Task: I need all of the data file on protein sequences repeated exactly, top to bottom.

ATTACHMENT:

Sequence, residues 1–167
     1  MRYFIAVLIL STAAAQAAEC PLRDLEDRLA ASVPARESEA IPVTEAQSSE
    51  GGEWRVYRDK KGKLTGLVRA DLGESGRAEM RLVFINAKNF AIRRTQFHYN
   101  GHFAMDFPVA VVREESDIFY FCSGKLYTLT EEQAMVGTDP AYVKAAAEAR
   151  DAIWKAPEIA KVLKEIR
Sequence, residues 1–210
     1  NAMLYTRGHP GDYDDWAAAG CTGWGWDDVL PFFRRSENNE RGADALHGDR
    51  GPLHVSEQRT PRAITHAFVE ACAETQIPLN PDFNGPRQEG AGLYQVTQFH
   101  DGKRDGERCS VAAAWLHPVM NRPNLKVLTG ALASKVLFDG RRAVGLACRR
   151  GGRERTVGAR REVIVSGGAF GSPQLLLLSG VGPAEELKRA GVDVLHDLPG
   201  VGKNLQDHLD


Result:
Sequence, residues 1–167
     1  MRYFIAVLIL STAAAQAAEC PLRDLEDRLA ASVPARESEA IPVTEAQSSE
    51  GGEWRVYRDK KGKLTGLVRA DLGESGRAEM RLVFINAKNF AIRRTQFHYN
   101  GHFAMDFPVA VVREESDIFY FCSGKLYTLT EEQAMVGTDP AYVKAAAEAR
   151  DAIWKAPEIA KVLKEIR
Sequence, residues 1–210
     1  NAMLYTRGHP GDYDDWAAAG CTGWGWDDVL PFFRRSENNE RGADALHGDR
    51  GPLHVSEQRT PRAITHAFVE ACAETQIPLN PDFNGPRQEG AGLYQVTQFH
   101  DGKRDGERCS VAAAWLHPVM NRPNLKVLTG ALASKVLFDG RRAVGLACRR
   151  GGRERTVGAR REVIVSGGAF GSPQLLLLSG VGPAEELKRA GVDVLHDLPG
   201  VGKNLQDHLD